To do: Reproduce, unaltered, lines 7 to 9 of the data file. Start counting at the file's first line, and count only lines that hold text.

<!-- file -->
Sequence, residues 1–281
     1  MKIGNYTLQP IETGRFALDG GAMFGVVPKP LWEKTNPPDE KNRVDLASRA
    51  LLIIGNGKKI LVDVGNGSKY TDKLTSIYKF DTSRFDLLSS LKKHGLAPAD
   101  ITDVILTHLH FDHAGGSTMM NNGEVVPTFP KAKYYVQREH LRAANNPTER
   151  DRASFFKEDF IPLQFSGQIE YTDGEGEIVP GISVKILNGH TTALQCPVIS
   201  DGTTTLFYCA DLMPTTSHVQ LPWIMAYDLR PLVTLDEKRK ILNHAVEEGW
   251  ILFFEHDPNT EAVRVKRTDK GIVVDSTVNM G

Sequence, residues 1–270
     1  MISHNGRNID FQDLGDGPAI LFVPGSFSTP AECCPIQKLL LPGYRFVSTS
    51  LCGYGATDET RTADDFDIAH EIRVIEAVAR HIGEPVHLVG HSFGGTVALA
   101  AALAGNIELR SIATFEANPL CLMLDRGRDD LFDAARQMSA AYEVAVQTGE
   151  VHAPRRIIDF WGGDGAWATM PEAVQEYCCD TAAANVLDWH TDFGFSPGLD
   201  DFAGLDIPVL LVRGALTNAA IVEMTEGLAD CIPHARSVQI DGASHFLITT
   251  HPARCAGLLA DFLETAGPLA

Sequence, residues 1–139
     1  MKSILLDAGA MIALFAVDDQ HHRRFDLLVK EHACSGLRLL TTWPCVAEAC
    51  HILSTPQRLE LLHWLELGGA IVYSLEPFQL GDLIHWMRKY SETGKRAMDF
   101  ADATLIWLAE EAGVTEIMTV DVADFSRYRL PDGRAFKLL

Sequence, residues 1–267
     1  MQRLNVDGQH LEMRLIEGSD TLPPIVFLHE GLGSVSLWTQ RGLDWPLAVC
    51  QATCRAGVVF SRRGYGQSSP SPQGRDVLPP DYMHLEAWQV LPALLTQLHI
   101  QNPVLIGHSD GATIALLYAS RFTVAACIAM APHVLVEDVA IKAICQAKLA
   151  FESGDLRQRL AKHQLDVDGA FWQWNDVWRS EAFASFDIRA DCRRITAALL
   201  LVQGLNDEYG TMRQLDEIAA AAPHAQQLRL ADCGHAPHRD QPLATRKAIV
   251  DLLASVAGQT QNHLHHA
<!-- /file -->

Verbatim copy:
   251  ILFFEHDPNT EAVRVKRTDK GIVVDSTVNM G

Sequence, residues 1–270
     1  MISHNGRNID FQDLGDGPAI LFVPGSFSTP AECCPIQKLL LPGYRFVSTS